__Previous Speakers__: Avner Friedman (2007-08), Vaughan Jones (2008-09), Sir Michael Berry (2009-10), George Andrews (2010-11), Ron Graham (2011-12), Gil Strang (2012-13), Jon Keating (2013-14)

# Eighth Annual Baylor Lecture Series in Mathematics

## Speaker: Gunther Uhlmann

Professor Gunther Uhlmann, the Walker Family Professor of Mathematics at the University of Washington, will be the speaker in the eighth annual Baylor Lecture Series in Mathematics. Dr. Uhlmann will be visiting Baylor University from October 14-17.

Dr. Uhlmann has earned several honors and won several awards for his research during his career. In 2001, he was elected a Corresponding Member of the Chilean Academy of Sciences. He is a Fellow of the Institute of Physics (2004), the American Academy of Arts and Sciences (2009), a SIAM Fellow (2010), and an AMS Fellow (2012). He was an invited speaker at the International Congress of Mathematicians in Berlin in 1998 as well as a plenary speaker at the International Congress on Industrial and Applied Mathematics in Zurich in 2007. Professor Uhlmann was named a Clay Senior Scholar at the Mathematics Research Institute at UC Berkeley. He received a Sloan Fellowship in 1984 and a Guggenheim Fellowship in 2001. He won both the Bôcher Memorial Prize and the Kleinman Prize in 2011, the same year that he was the Rothschild Distinguished Visiting Professor at the Isaac Newton Institute at Cambridge. Dr. Uhlmann delivered the American Mathematical Society’s Einstein Lecture in 2012. In 2013, Dr. Uhlmann was elected Foreign Member of the Finnish Academy of Science and Letters. In 2015, he will give a plenary lecture at the International Congress of Mathematical Physics.

Dr. Uhlmann studied mathematics as an undergraduate student at the Universidad de Chile in Santiago, gaining his Licenciatura degree in 1973. He continued his studies at MIT, where he earned his Ph.D degree in 1976. He has held postdoctoral positions at MIT, Harvard, and NYU, including a Courant Instructorship at the Courant Institute in 1977-1978. In 1980, he became an Assistant Professor at MIT and then moved, in 1985, to the University of Washington. In 2010-2012, he was on leave at the University of California, Irvine, as the Excellence in Teaching Chair.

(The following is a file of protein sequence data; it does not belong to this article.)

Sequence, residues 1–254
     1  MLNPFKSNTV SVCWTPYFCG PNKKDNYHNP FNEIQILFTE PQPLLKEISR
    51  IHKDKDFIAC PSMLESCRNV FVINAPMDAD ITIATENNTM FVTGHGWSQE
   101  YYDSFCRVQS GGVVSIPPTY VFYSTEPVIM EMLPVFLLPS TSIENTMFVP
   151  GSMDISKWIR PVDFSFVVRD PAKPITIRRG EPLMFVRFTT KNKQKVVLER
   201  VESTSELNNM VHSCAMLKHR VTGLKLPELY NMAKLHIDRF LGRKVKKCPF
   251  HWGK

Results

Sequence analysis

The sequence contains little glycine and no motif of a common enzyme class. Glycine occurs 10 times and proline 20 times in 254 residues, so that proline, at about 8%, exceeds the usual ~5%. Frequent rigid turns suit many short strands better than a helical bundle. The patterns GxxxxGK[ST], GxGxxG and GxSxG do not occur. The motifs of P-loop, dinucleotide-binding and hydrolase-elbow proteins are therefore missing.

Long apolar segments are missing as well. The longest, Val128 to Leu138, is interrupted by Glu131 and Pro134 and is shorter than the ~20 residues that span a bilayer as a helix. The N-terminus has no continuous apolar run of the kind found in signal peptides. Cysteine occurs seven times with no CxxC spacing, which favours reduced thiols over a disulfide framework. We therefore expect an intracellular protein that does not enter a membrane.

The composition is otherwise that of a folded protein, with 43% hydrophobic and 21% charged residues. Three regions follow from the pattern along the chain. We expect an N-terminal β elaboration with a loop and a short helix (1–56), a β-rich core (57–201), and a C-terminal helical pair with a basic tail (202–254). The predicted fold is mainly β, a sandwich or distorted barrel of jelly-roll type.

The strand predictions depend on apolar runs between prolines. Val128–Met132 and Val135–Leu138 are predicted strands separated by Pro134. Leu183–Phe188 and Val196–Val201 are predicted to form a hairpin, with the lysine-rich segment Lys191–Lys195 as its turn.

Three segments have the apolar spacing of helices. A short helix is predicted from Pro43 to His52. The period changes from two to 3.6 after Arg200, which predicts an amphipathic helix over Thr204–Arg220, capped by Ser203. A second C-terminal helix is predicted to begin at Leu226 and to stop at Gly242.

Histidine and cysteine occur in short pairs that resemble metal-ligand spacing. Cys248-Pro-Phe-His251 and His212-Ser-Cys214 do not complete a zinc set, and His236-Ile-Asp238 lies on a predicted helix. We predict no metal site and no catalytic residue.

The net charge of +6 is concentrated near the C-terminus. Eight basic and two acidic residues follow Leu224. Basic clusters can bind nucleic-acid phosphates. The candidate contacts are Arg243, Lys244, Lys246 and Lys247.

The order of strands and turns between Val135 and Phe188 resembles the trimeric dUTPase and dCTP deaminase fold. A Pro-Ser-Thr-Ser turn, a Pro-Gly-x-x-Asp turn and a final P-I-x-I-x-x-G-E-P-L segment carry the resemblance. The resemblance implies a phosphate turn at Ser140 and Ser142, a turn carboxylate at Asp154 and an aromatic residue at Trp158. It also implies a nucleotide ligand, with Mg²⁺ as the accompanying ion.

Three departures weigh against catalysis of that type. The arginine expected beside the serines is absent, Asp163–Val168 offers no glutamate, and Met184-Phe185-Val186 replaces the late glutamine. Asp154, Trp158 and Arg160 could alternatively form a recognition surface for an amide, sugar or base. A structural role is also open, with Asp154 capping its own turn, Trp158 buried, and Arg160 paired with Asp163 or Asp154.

Professor Uhlmann’s research in microlocal analysis and its applications is well known. For the past several years, he has been interested in the physics and mathematics of cloaking and invisibility and transformation optics.

All students, faculty and guests are welcome to attend his lectures. There will be a reception from 5:00-6:00 pm on October 15 -- everyone is welcome to join us for light snacks and refreshments....and an opportunity to meet and speak with Professor Uhlmann.

For a poster advertising Professor Uhlmann's public lecture, click here.

The titles, and abstracts, for his two lectures are:

*Wednesday, October 15, 2014 at 4:00 pm - MMSci 101 *

PUBLIC LECTURE:

**Harry Potter's Cloak**

__Abstract__: Invisibility has been a subject of human fascination for millenia, from the Greek legend of Perseus versus Medusa to the more recent The Invisible Man, The Invisible Woman, Star Trek and Harry Potter, among many others.

Over the years, there have been occasional scientific prescriptions for invisibility in various settings but the route to cloaking that has received the most attention has been transformation optics. To achieve invisibility one can design materials that would steer light around a hidden region, returning it to its original path on the far side. Not only would observers be unaware of the contents of the hidden region, they would not even be aware that something was being hidden.

As Science Magazine stated in 2006 in naming cloaking one of the 10 breakthroughs of the year: "...no matter how you look at it the ideas behind invisibility are likely to cast a long shadow".

*Thursday, October 16, 2014 at 4:00 pm - MMSci 301*

**Inverse Problems: Seeing the Unseen**

__Abstract__: Inverse problems arise in all fields of sciences and technology where causes for a desired or observed effect are to be determined. By solving an inverse problem is in fact is how we obtain a large part of our information about the world. An example is human vision: from the measurements of scattered light that reaches our retinas, our brains construct a detailed three-dimensional map of the world around us. We know about the interior structure of the Earth by using the information provided by earthquakes, the structure of DNA from solving inverse X-ray diffraction problems, and the structure of the atom and its constituents from studying the scattering when materials are bombarded with particles. Medical imaging is also a fertile area of application of inverse problems including CT scans, ultrasound, MRI, and several other imaging methods.

We will describe several inverse problems and concentrate in more detail on the mathematics of the inverse problem proposed by Calder\'on, also called Electrical Impedance Tomography: Can one determine the conductivity inside a medium by making voltage and current measurements at the boundary? This problems arises, for instance, in early breast cancer detection and oil exploration.